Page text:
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loku
10-26-2009, 03:13 PM
Even when I'm running the simplest examples of webGL like this:
http://learningwebgl.com/lessons/lesson01/index.html
my cpu reaches 100% load at the moment the page loads.
I'm using Mozilla Firefox 3.7a1pre at Windows XP 32-bit with SP3 and hardware:
cpu: AMD Turion 64 Mobile Technology MT-32
graphics: GeForce Go 7300 256MB with driver 6.14.11.7948
memory: 1,5 GB
Where's the problem?

Coolcat
10-26-2009, 04:09 PM
It's running at 30% CPU here on Intel Core 2 Quad (2.5 Ghz) with Geforce 9800 Pro.
The reason is probably because there is a call

setInterval(drawScene, 15);
That means it tries to redraw the scene every 15 ms or with 66 frames per second. Each frame it creates two JavaScript arrays with vertex data. Arrays in JavaScript are actually HashMaps, which means they are slow when using them just as arrays. These two "arrays" are converted into an CanvasFloatArray (true array) and are then uploaded to the graphics card into newly created VertexBufferObjects.

That's just inefficient code ;)
You could try to create each VBO just once and reuse it every frame.

However, when using an native compiled application (C++, ...) this would be much faster.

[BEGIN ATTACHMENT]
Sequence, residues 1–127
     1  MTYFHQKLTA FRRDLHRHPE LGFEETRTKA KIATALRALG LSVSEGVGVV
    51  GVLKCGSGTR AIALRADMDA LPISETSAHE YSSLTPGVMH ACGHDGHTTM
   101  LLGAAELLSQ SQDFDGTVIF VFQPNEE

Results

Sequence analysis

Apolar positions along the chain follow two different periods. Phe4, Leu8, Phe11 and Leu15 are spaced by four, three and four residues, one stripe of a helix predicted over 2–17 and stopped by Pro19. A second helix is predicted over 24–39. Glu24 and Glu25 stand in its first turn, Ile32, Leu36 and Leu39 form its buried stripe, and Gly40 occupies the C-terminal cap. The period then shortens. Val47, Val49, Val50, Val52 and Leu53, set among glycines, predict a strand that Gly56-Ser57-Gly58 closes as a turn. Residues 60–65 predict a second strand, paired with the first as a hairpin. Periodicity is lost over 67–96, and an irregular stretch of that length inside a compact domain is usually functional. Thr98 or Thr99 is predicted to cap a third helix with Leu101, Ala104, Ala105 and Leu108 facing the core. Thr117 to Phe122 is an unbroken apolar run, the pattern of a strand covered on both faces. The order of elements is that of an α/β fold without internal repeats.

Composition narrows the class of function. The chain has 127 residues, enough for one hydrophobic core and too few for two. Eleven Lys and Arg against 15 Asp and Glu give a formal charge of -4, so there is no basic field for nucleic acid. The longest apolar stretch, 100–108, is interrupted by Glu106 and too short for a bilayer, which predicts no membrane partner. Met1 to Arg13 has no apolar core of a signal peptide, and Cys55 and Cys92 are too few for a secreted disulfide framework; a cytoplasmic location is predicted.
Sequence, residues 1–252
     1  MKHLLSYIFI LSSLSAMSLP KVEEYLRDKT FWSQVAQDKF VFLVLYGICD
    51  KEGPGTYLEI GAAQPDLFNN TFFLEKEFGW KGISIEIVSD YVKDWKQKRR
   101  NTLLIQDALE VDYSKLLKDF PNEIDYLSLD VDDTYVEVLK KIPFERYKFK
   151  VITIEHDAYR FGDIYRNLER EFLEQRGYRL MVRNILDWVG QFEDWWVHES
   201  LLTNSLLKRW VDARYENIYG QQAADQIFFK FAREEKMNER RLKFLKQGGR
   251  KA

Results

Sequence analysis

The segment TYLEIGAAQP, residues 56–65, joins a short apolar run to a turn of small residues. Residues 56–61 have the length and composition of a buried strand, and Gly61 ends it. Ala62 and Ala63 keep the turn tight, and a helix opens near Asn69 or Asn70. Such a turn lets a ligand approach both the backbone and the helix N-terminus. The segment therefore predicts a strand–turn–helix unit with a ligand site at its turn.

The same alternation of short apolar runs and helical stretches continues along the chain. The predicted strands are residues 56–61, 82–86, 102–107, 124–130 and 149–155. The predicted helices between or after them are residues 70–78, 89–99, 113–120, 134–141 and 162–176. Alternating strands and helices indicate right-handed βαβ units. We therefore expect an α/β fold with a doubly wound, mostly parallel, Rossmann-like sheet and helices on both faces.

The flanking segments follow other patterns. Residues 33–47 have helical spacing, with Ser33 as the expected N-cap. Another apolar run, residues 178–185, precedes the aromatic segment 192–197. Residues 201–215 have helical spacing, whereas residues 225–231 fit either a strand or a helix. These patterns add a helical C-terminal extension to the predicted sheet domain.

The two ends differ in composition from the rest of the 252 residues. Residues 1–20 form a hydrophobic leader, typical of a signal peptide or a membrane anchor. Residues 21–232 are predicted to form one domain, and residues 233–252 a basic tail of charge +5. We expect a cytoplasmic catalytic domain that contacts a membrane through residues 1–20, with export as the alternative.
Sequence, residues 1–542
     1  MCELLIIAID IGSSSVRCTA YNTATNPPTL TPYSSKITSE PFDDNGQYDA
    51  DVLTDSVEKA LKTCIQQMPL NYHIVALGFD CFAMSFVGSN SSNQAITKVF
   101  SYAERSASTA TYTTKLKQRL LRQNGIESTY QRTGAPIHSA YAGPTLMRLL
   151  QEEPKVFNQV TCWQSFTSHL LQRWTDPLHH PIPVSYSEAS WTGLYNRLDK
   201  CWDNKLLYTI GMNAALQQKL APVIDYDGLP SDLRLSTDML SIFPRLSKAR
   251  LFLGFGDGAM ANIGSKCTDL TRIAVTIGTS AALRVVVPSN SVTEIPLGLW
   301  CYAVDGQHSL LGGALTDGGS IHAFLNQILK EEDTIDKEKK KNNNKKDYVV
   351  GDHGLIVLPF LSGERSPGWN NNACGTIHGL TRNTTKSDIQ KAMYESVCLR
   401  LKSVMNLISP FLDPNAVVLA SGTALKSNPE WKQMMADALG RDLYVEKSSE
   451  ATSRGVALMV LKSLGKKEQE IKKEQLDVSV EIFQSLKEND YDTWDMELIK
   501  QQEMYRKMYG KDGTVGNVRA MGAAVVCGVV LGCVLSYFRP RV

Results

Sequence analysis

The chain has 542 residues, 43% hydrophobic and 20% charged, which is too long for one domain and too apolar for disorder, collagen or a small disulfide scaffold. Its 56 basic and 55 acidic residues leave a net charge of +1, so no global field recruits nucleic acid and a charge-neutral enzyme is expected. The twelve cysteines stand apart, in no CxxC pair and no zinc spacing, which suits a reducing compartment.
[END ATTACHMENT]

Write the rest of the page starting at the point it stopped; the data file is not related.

giles
10-27-2009, 04:40 AM
Yup, Coolcat's right -- the code's not very efficient. It's a first lesson in WebGL and I figured simplicity was more important than speed :-)

In a later lesson, once I've started using JS objects to represent objects in the scene, then things should be a bit faster...

loku
10-27-2009, 11:05 AM
I can't find the reference for CanvasFloatArray(). What is the return type of this function? Maybe we use this type rather than js arrays and skip casting those type due to CanvasFloatArray?

giles
10-27-2009, 11:25 AM
CanvasFloatArray is a class rather than a function, and, as far as I can make out from the Firefox source, it doesn't have any useful methods. From http://mxr.mozilla.org/mozilla-central/source/dom/interfaces/canvas/nsICanvasRenderingContextWebGL.idl#69, I've found:


interface nsICanvasFloatArray : nsICanvasArray
{
};

and


interface nsICanvasArray : nsISupports
{
attribute unsigned long length;

[noscript, notxpcom] unsigned long nativeType();
[noscript, notxpcom] voidPtr nativePointer();
[noscript, notxpcom] unsigned long nativeSize();
[noscript, notxpcom] unsigned long nativeElementSize();
[noscript, notxpcom] unsigned long nativeCount();
};

...which would seem to imply that it's an almost completely opaque type from the JavaScript side (if I'm interpreting those "noscript" flags correctly). And running the following code:


for (var f in CanvasFloatArray([]))
alert(f);


Showed only one attribute, the length one that you'd expect from the IDL.

So, nice idea but I don't think it'll work, at least in current versions of WebGL.

loku
10-27-2009, 01:22 PM
class of course, my mistake. thanks for the answers